Shocking roadworks research prompts ‘report incidents and abuse’ call

Highways England today urged its supply chain to stand together to improve safety as it was revealed that reported abuse cases have risen by 10% in 2020 compared to the same period last year, despite the lower traffic flows as a result of Covid-19 restrictions - a move backed by Safer Highways.

To mark Road Safety Week Highways England, Safer Highways and the supply chain are urging all roadworkers to ensure they report any and all incidents of both incursions and abuse. This data is vital in order to inform traffic management through roadworks and to ensure any behavioural hotspots are targeted.

The company revealed:

  • There were nearly 6,500 incidents of incursions October 2017 and October 2020 – an average of 175 a month.

  • There were around 330 incidents of abuse reported from Sept 2019 to October 2020, an average of nearly 1 every day.

  • There’s been a 10% increase in abuse incidents in the first 9 months of 2020 compared to the first 9 months of 2019 – with lower traffic flows in 2020 due to Covid-19 restrictions.

A selection of CCTV footage shows the range of ways that roadworkers are at risk from road users.

One clip shows a driver ignoring a road closure only to find that the road was closed to allow a crane to dismantle a bridge.

Other examples show how a lack of concentration can lead to drivers veering into the cones or even following roadworks vehicles into the roadworks.

Mark Byard, Director of Health and Safety at Highways England said.

“Our roads keep the country moving, keep families connected and businesses in business, so our roadworkers are vital to everyone’s wellbeing, and their wellbeing is vital to us.

175 reported incursions a month is far too many and it’s an issue on all types of roads, for our whole industry. I’m proud of the way the Highways sector has come together to raise awareness of the issue. We urge members of supply chain to report all incidents of incursions and abuse. Together we can make a difference.”

Highways England has recently lead a cross-industry project to raise awareness of road worker safety. Collaborating with 18 supply chain companies across the highways industry, such as Amey, Balfour Beatty and Skanska, Highways England has spear-headed the creation and production of a short video aimed at the public to educate them that driving into roadworks puts construction and maintenance workers at risk.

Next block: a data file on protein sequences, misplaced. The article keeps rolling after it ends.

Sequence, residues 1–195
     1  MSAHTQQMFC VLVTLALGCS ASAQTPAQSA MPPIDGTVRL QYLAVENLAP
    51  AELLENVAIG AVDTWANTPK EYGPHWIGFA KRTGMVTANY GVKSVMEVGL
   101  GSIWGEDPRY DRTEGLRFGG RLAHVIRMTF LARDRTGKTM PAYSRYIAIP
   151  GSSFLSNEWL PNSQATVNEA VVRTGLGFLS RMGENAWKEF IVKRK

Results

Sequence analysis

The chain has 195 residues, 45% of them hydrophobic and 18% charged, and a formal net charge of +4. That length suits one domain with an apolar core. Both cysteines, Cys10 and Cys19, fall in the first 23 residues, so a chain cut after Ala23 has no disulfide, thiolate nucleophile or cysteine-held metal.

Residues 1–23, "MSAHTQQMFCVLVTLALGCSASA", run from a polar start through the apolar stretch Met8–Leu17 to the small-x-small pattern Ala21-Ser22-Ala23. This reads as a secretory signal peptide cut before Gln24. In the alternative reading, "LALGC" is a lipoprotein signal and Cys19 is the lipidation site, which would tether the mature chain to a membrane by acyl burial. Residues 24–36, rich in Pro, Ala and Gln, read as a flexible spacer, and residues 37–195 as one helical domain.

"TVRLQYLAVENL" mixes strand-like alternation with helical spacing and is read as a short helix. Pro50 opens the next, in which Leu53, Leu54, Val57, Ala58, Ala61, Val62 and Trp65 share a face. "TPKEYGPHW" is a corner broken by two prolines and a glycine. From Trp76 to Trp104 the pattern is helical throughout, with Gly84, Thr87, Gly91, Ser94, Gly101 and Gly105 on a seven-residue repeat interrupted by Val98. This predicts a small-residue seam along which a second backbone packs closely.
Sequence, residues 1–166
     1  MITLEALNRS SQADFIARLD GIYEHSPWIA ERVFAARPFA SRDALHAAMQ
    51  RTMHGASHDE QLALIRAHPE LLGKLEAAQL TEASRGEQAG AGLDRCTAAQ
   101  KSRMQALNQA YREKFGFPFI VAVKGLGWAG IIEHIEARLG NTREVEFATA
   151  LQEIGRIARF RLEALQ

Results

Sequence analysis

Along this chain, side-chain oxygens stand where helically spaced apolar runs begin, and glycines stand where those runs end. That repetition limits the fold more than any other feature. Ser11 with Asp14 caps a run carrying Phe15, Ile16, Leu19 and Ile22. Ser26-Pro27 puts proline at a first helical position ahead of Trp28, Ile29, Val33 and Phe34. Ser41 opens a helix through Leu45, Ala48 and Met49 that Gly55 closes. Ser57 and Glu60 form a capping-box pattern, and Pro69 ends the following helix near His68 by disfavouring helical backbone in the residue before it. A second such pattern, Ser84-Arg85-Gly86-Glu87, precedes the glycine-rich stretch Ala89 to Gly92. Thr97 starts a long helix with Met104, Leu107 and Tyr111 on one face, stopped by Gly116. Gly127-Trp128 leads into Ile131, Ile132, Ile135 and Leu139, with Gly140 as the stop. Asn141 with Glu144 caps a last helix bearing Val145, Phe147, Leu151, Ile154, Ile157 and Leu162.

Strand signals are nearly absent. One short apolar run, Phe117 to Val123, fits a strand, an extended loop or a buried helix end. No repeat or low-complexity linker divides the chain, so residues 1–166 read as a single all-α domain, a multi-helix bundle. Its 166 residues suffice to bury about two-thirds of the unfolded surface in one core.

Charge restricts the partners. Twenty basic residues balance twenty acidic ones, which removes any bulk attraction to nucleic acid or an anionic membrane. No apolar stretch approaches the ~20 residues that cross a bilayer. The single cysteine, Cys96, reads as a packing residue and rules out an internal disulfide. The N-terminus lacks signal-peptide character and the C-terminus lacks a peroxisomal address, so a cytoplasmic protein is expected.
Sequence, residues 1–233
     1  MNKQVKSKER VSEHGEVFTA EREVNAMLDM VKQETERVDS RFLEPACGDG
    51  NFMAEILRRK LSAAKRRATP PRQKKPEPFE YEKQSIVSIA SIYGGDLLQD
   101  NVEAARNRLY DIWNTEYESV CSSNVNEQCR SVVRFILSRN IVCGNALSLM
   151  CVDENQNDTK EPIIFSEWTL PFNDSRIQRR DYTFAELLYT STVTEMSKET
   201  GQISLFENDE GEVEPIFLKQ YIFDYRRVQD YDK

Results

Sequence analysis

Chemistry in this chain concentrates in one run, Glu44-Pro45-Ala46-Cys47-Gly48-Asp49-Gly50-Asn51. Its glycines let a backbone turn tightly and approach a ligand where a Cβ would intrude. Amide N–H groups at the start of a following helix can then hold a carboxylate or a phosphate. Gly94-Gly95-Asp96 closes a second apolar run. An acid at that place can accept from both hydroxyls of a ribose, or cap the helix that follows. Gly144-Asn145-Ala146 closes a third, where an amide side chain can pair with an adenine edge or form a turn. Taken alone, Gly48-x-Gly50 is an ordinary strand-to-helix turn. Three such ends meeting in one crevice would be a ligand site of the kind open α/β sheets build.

Showing the young daughter of a road worker who aspires to be just like her dad, the emotive video drives home the message that the public should abide by roadwork markings. It shows how dangerous it is when an incursion happens and highlights the people working behind the road cones, emphasising that they have as much right to get home safe and well as everyone else.

This video is also accompanied by a further 13 short films produced by Highways England’s supply chain partners. Aimed at construction and maintenance roadworkers, they illustrate what to do if someone drives (or walks) into works. These videos are being used in training and briefings on sites to help keep the roadworkers on site safe from incursions.

James Haluch, Managing Director at Amey Highways and chair of the vehicle incursions working group says,

“In 2019, in Amey alone we recorded 753 actual vehicle incursions into our road closures. Worse still, we have an actual collision with a traffic management vehicle every 4 or so months. Each one of these results in injuries to our people and it is generally the case that the physical injuries heal far quicker than the mental health ones.

I would not ask my kids to drive an Impact Protection Vehicle so I do struggle asking my colleagues to. Hence this unprecedented collaboration by the Highways sector in raising awareness is so critical in helping to eliminate the risk to the people that maintain our road network to keep the country connected. A few moments lapse of concentration could be life changing.”

Speaking about the release, Safer Highways Development Director, Adrian Tatum said,

”Our Stamp it Out campaign originated from a collective supply chain desire to end roadworker abuse and make it socially unacceptable to commit such acts.

”It is encouraging to see the client on the strategic road network in Highways England throwing their weight behind such an important issue and we, as an industry collective, welcome any conversations they may wish to have; our door is always open.

”Our aim is to truly make a difference and end the abhorrent abuse of those we put to work and to see Highways England truly showing leadership is a breath of fresh air.”

Over the next 12 months Safer Highways and our partners aim to change the landscape around roadworker abuse - for more details visit www.stamp it

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